A computer recognition system that is 99% accurate can identify different fruits and vegetables, even the particular strain of apples or plums, for instance. Research to be published in the International Journal of Applied Pattern Recognition in March explains how challenging this issue has been until now and shows how it could be used in agricultural science and perhaps to improve efficiency in the growing and food industries as well as at the supermarket.
Shiv Ram Dubey and Anand Singh Jalal of GLA University in Mathura, India, have developed an automated image processing system that not only quickly distinguishes between oranges and lemons but can spot different strains of pear, melon, apple and plum. Such a system, given its high accuracy, could be used for sorting and packing different fruits and vegetables. However, it could also be used to speed up supermarket customer checkout where similar but different strains are on sale at different prices, without the need to barcode or otherwise label individual products.
The program developed by the team is trained with a set of images of known fruit and vegetables so that the image analysis software can assign common features to a database. The process involves photographing an image of the different fruits, "removing" the background and then analyzing the image left. They have thus trained their program with 15 different fruits and vegetables including various types of apple, onions, potatoes, oranges, limes, kiwi fruit, and different melons. Tests showed that 99 times out of 100 the software could correctly identify the product in question regardless of whether there were one or more items in the photograph and regardless of differences in lighting.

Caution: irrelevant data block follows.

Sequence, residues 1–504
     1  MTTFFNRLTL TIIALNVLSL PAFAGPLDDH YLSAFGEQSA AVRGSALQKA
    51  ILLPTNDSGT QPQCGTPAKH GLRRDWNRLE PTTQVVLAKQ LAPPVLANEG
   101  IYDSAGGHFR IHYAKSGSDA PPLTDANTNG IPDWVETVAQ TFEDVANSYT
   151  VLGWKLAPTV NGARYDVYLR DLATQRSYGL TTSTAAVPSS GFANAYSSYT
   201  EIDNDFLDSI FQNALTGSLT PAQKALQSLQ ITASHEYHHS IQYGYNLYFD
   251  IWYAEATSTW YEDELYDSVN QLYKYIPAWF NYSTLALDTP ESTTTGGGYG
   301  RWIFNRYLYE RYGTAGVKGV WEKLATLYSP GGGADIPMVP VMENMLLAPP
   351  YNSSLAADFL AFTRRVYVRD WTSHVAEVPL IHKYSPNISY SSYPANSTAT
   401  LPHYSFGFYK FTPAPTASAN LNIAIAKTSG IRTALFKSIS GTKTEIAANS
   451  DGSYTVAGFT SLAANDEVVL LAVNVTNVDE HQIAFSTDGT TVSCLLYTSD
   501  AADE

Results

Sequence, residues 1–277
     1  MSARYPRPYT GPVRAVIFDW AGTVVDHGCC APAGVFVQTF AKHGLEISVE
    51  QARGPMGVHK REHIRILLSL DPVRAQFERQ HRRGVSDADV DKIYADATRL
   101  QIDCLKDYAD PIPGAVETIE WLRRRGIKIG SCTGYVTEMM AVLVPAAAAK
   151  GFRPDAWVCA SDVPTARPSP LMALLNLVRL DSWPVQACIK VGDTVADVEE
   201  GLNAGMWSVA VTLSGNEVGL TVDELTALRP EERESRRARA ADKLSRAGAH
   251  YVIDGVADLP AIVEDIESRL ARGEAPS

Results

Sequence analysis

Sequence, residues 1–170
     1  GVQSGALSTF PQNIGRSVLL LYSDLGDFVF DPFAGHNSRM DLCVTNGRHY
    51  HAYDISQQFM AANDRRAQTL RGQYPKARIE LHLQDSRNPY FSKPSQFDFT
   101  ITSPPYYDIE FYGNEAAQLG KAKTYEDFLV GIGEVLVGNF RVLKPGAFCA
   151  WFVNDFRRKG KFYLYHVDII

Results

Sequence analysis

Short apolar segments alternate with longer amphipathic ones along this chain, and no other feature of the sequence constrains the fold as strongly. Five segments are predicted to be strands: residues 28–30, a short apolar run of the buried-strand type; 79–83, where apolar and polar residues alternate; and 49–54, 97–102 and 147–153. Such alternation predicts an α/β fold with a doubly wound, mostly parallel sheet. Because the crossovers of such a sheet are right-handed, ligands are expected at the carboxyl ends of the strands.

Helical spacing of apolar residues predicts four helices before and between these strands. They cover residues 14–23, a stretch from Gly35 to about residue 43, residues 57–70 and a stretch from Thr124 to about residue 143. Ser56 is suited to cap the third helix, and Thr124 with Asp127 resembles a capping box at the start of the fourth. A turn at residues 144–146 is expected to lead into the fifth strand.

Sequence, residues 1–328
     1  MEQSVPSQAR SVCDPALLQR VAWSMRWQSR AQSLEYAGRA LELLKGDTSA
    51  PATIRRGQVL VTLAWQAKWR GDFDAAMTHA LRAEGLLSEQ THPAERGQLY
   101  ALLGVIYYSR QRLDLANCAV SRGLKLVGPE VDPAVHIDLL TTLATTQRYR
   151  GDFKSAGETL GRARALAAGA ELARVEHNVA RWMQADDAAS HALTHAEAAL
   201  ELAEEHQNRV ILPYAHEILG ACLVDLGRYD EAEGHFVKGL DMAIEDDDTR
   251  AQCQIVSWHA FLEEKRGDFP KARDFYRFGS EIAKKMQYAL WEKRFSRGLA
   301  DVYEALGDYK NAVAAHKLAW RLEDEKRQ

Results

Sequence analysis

The team hopes to next extend the system to detect the signs of disease, bruising or other damage, which would allow products of unsalable quality to be removed before they reach the checkout.
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More information: "Species and variety detection of fruits and vegetables from images" in Int. J. Applied Pattern Recognition, 2013, 1, 108-126. www.inderscience.com/info/inar… icle.php?artid=52343